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The King is dead; long live the King

I’ve been forced out of my mountaintop cave in order to post my thoughts on the headline news of Neil Woodford leaving Invesco Perpetual. I did a similar piece on the previous earth shattering new of Richard Buxton leaving Schroder’s to join Old Mutual as that also got a lot of industry commentators salivating at the prospect of serious money moves. However, yesterday’s news caused what only could be described as a “phlegm-fest” on social media, with an obvious race to downgrade being won by Chelsea FS and their chief knee-jerker, Darius McDermott.

Now I do understand the broad reaction; Neil Woodford manages a ton of cash, circa £33bn I am led to believe. This is a direct result of his long term performance across all the vehicles he manages, but also his correct contrarian dot com call in 2000. People remember this sage like moment and is perhaps why some dubbed him the Warren Buffet of the UK. Yeah, they really did. No, honestly, they did. I promise. I know, mental.

Anyway, hot on the heels of the downgrades came the churn-inducing, “here are some alternatives”; like maggots picking over carrion, the options given were at times obvious, bizarre and Roger Rental all at once. Similar to the Buxton episode. Similar in that commentators and media alike simply refuse to do a job properly; they take the easy route of looking at the sector and throwing out the top performing names. The completely (and repeatedly) miss the absolute obvious – what role does the fund play.

So once again, I will walk through the process of what I would do; will do as I am in this instance a long term holder of the manager. We shall start at the very beginning…

Why do I hold Woodford? I ask this to every single mandate that is a component of my portfolios as each holding has a separate but not exclusive role. I do not hold him because I am mesmerised by his prescient knowledge of the UK market nor have I simply failed to continually analyse his performance. I hold Woodford because of his risk adjusted performance, more importantly his ability to continually protect against the downside, which is significantly greater and more consistently than his peers. Period. I would suggest that, if you hold Woodford and if you really think about it, you probably hold him for that reason too. Assuming this, let’s continue.

Instead of throwing our names like Unicorn (small cap) JO Hambro (mid cap) M&G Global Dividend (Yep, I know, Roger Rental) based on absolute performance, analysis should be conducted based upon the role and in this case it should be based upon the defensive risk adjusted nature of the performance. A good place to start would be maximum drawdown as that is a simple yet effective “chaff cutter”.

Since 2010, the FTSE All Share max drawdown was 14.50% as of 30/09/2011, with Neil Woodford’s mandates ranging from 5.89% to 6.13%; impressive no doubt. However, there are other funds that have even better drawdowns, with Trojan Income’s 4.24% and Fidelity Moneybuilder Dividend’s 5.30% (if income is a requirement, stick a covered call overlay on and consider Fidelity’s Enhanced Income fund which has a max drawdown of 4.94%.) But perhaps more importantly is Neil Woodford’s replacement, Neil Barnett’s UK Strategic Income fund which has a max drawdown of 7.00%, marginally greater than Neil’s mandates, but still considerably less that the vast majority of his peers and less than half of the index.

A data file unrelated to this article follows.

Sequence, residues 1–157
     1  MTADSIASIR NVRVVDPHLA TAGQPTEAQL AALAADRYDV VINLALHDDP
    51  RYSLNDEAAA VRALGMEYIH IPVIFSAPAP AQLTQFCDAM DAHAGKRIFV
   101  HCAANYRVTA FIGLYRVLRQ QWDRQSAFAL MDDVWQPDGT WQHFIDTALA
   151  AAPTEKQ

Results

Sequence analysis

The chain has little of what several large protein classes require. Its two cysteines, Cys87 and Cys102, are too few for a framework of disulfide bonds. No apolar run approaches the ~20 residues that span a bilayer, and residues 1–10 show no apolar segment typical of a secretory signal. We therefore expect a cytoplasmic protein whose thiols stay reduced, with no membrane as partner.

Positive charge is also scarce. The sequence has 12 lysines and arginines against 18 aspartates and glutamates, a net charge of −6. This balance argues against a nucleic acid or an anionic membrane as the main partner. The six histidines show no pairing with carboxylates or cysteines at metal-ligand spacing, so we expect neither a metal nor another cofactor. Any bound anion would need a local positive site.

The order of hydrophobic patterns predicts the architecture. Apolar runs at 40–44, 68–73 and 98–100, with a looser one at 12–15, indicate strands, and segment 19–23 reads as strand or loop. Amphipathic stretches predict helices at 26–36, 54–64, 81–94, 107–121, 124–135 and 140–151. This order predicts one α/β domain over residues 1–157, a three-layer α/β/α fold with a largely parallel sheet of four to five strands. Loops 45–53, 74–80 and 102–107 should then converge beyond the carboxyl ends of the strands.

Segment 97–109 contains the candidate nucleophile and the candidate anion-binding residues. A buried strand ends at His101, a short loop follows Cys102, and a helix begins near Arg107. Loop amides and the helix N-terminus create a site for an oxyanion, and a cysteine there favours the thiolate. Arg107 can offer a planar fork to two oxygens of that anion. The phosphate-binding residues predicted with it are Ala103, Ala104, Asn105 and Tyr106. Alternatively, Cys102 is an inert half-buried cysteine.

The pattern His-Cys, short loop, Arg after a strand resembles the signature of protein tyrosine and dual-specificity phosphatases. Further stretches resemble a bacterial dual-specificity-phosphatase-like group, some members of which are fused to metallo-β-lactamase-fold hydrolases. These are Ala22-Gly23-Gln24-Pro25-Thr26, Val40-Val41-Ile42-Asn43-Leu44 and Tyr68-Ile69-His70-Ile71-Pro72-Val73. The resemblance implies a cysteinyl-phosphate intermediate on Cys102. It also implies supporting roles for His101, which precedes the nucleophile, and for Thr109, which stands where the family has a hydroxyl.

However, although the compounding effect of reinvested dividends in terms of total return is certainly compelling, your search should not be constrained to the IMA UK Equity Income Sector. This is another bugbear of mine (I have many) in that fund research should be in no way driven by IMA sector; it adds nothing. If you search by a dominant UK Large Cap exposure, the likes of JO Hambro UK Opportunities fund could be considered with a max drawdown of 8.24% but with a broader investment universe due to the growth mandate. A serious consideration should be the Lindsell Train UK Equity fund with a similar max drawdown of 8.91% but the outperformance has been certainly impressive.

Take the above as a starter for ten; certainly do not rely on this solely as consideration must be given to various overlaps with your existing holdings. However, if you are to take anything away:

  1. Think about what role a particular fund has in your portfolio; use this as the focus for your analysis.

  2. Do not use IMA sectors as a guide; they are a crutch and not a very good one at that.

  3. If you can’t do this analysis for whatever reason, talk to someone who can; the regulator expects this and so do your clients if you are being honest.

Finally, looking at the actual situation that we all find ourselves in, my view is that knee jerk reactions are a bad thing; you should never let emotion drive your investment decisions. Neil Woodford is leaving and that is a fact. Another fact is that his replacement, Mark Barnett has an excellent track record managing funds in the same sector and Neil Woodford and has outperformed him. If you did not know this, the reason is because you could not see the Barnett for the Woodford. However, Mark is now driving an Eclipse-class Super Star Destroyer as opposed to a YT-1300 light freighter. This no doubt takes a different skill & mindset and only you can satisfy yourself with the answers you receive to your questions. One thing is for sure, if you get the opportunity, talk to the guy. Take the opportunity to ask your questions and do your qualitative due diligence before following the crowd and knee-jerking your clients (and perhaps your own) money down the road to Woodford AM.

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